Receiver operating characteristics curves for the ability of the gastric emptying measures to diagnose subjects with a history of gastroparesis. For scintigraphy, n = 146 (87 healthy, 59 gastroparetic) and for gastric emptying time (GET) n = 125 (77 healthy, 48 gastroparetic). (a) GES-2 h AUC = 0.79, (b) GES-4 h AUC = 0.82 and (c) GET AUC = 0.83.

Discrimination performance of GET to GES with the diagnosis of gastroparesis and confirmed by day of test scintigraphy

Seventy-two of 77 healthy subjects had normal scintigraphic emptying on the day of the test as defined by GES-4 h11 23 of the 48 gastroparetic had an abnormal scintigraphic emptying on the day of the test as defined by GES-4 h. We further analysed this data set for AUC, sensitivity and specificity after reclassifying subjects as gastroparetic or normal based on their 4 h scintigraphic day of study results. The AUC for GET was 0.94, the sensitivity was 0.87, and the specificity was 0.92. Utilizing this analysis, the cut-off point for GET that provides an optimum balance of sensitivity and specificity for clinical use was found to be 300 min.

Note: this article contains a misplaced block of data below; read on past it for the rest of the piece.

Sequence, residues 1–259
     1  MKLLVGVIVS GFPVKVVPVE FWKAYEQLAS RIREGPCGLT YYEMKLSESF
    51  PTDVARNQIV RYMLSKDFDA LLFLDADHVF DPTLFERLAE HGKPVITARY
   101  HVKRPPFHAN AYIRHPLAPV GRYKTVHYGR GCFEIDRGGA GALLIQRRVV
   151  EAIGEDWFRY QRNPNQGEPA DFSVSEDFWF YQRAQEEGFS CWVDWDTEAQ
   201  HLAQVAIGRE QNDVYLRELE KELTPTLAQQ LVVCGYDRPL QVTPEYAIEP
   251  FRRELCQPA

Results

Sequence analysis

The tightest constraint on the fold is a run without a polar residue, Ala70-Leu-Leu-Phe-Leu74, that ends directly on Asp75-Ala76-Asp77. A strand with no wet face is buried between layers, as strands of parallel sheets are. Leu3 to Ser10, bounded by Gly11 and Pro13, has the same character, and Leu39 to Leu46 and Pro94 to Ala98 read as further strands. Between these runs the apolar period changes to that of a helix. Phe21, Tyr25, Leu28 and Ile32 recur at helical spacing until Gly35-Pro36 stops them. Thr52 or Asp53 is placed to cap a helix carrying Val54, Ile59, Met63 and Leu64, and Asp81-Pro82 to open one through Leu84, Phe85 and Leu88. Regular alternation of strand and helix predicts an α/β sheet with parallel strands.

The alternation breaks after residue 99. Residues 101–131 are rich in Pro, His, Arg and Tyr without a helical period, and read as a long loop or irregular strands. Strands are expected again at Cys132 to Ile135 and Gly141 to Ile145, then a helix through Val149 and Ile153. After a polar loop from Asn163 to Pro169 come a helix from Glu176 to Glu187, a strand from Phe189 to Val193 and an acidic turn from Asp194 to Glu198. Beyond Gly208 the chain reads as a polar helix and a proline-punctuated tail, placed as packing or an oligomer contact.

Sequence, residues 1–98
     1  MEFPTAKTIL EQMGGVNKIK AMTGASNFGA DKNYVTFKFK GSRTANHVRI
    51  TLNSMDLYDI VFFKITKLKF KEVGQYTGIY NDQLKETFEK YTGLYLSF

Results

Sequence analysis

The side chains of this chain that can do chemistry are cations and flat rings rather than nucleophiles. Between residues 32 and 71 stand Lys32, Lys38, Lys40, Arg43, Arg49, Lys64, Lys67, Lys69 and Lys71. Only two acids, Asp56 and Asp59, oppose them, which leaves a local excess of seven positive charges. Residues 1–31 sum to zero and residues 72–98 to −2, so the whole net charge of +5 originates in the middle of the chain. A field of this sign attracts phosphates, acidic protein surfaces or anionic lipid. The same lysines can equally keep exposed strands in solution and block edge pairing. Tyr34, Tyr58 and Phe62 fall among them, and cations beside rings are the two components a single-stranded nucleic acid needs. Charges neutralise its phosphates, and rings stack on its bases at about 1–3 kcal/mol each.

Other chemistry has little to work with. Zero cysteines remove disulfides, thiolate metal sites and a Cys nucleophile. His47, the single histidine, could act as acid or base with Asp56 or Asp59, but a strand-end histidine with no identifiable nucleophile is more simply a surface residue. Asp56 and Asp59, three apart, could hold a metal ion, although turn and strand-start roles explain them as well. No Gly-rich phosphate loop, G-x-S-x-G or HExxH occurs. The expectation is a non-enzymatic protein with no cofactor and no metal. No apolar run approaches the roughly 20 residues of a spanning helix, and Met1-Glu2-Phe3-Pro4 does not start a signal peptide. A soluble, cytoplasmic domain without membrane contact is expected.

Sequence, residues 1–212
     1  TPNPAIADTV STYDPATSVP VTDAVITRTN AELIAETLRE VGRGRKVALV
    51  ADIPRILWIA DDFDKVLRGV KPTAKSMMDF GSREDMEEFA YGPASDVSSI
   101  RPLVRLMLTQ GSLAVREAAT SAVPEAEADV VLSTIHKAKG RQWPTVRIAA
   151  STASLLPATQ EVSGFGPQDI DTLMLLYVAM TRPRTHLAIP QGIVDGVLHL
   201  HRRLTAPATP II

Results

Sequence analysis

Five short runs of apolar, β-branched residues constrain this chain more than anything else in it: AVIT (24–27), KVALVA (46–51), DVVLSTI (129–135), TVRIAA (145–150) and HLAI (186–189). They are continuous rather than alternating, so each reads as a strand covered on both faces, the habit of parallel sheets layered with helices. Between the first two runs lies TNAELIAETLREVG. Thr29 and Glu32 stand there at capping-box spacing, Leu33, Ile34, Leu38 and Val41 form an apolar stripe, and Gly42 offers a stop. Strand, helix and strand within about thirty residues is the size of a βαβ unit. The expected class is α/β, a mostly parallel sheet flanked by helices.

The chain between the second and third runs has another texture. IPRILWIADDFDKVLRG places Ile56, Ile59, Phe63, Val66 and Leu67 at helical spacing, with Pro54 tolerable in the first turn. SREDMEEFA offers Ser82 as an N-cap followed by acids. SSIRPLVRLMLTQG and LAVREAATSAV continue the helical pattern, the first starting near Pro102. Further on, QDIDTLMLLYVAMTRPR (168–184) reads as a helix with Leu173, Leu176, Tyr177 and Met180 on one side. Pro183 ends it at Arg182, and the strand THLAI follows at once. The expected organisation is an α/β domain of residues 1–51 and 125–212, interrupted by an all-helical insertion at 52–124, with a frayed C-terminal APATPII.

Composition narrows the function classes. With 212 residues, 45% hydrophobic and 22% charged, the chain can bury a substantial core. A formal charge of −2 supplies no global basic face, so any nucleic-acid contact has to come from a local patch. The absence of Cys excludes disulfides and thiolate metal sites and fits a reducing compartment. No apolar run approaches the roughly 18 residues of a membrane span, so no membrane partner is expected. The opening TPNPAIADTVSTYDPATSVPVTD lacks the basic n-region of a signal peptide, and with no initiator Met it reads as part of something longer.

Adverse events

Passage of the capsule was confirmed in all subjects by either retrieval of the capsule or KUB. One subject could not swallow the capsule and was discharged from the study. Forty-six per cent of the subjects had a KUB to evaluate capsule presence because the capsule was not returned by the subject. Surprisingly, over 50% of subjects from the study recovered the capsule and returned it to the study site. Of the subjects that did not return the capsule (n = 67), 84% demonstrated that the capsule had been evacuated within 5 days of ingestion and thus before the first KUB. Only five subjects had a repeat KUB and there were no capsules retained upon follow-up radiological examinations.

Ten adverse events were reported. Six of the 10 were not related to the study device, three were probably not related and one was related. No serious adverse events or unanticipated device-related adverse events occurred. Two of the reported events (one not device related and one probably not device related) were reports of vomiting. However, both these occurred well after capsule ingestion and did not result in vomiting of the capsule. The one related adverse event occurred in a gastroparetic subject who had ingested Citrucel, a bulk forming laxative that subsequently entrapped the capsule in a jelly-like, viscous mass. An endoscopy was performed, but was not able to retrieve the capsule from the viscous mass. Erythromycin IV (200 mg) was administered, and the capsule subsequently emptied the stomach after 30 min. All adverse events are described in Table 3.